For Muñoz, there is no attempt to invoke any relational aesthetics, for his figures are not open to humanistic identification, they are 'like statues not sculptures' staged in order to preclude any attempt 'to connect to them on an intimate basis' (Juan Muñoz quoted in A. Potts, 'Muñoz's Sculptural Theatre' S. Wagstaff (ed.), Juan Muñoz: A Retrospective, exh. cat. Tate Modern, London 2008, p. 113). This notion recalls Giorgio de Chirico's frozen statues standing within evacuated, static city squares and Georges-Pierre Seurat's Une Baignade à Asnières (1884). Muñoz became particularly familiar with Seurat's painting, during his early visits to London, seeing it hanging as part of the National Gallery permanent collection. His fascination was with 'the space between all these people looking at a river, there is such a distance between them all. Each one is standing so still. And so mute. And each one seems to be occupying a space of silence. They are placed with perfect equilibrium between them. Looking at it I realised I wasn't interested in the mathematical formulation behind the work. I was interested in the incredible loneliness of the characters I thought: this is the image of the soul looking at the desert (Juan Muñoz interview with Iwona Blazwick, James Lingwood and Andrea Schliecker, Possible Worlds: Sculpture from Europe, exh. cat. Institute of Contemporary Art, London 1990-1991, p. 61).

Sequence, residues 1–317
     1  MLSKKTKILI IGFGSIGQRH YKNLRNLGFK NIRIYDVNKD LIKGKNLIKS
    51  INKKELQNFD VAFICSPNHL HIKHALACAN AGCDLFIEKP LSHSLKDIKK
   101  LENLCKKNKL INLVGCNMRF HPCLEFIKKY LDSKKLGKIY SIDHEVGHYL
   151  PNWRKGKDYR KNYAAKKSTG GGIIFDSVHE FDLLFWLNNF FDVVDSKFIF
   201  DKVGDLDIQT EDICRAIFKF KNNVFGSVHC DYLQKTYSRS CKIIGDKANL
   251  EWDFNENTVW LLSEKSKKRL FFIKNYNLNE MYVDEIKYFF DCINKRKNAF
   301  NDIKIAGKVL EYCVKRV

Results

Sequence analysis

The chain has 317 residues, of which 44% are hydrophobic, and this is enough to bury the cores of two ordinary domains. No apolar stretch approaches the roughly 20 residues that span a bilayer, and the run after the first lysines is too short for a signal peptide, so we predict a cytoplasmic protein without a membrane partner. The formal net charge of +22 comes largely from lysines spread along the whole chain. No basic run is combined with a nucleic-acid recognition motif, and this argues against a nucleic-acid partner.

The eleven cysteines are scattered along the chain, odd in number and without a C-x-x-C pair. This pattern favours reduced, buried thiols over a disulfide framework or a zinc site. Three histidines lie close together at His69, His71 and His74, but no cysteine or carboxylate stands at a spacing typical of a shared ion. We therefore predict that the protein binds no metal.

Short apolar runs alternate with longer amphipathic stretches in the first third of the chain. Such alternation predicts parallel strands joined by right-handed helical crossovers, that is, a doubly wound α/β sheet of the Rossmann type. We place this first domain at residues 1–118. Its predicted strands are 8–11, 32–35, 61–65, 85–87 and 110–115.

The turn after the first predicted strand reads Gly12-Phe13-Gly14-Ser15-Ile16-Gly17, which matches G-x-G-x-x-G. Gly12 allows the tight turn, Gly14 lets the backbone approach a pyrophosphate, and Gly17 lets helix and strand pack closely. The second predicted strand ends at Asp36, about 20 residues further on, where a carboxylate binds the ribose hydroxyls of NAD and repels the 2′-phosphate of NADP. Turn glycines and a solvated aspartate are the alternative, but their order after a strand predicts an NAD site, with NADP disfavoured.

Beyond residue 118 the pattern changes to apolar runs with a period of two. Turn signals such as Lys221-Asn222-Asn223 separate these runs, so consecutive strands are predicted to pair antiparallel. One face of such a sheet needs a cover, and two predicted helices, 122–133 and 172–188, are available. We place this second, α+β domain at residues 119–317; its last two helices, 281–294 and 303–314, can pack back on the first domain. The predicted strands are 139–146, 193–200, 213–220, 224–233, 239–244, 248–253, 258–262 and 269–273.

Installed to great success at Documenta IX, Esquina Positiva first appeared congregated around the projecting bay of the neo-classical, Neue Galerie in Kassel. This strategy, envisaged by the artist himself, recalled Auguste Rodin's cloaked figure of Balzac standing enigmatically amongst the streets of Paris. Situated in the grounds outside of the centre of Documenta, visitors were compelled to look for Muõz's introverted figures, standing in self-imposed isolation at the foot of the museum. The search was rendered more difficult through the sculptures' rich and earthen patina, dusted with a slightly ferrous tint to appear camouflaged against the heavy stone masonry of the powerful building. For Muñoz, his sculptures' interaction with their surrounding architecture is paramount. Indeed Muõz once spent a lot of time investigating the sylph like figures of Alberto Giacometti from the 1940s and 1950s. On one occasion, he paced around the dimensions of a gallery filled with Giacometti's sculptures 'in order to understand the ratio between the Swiss artist's diminutive figures and the architecture which they seemed to perceptually possess and distort' (Adrian Searle, 'Juan Muñoz' The Guardian, 30th August 2001). This power to define space is one that Esquina Positiva powerfully possesses, Muñoz's immortal figures forever carving a path around their particular landmark, guarding their silence with studied stoicism. KA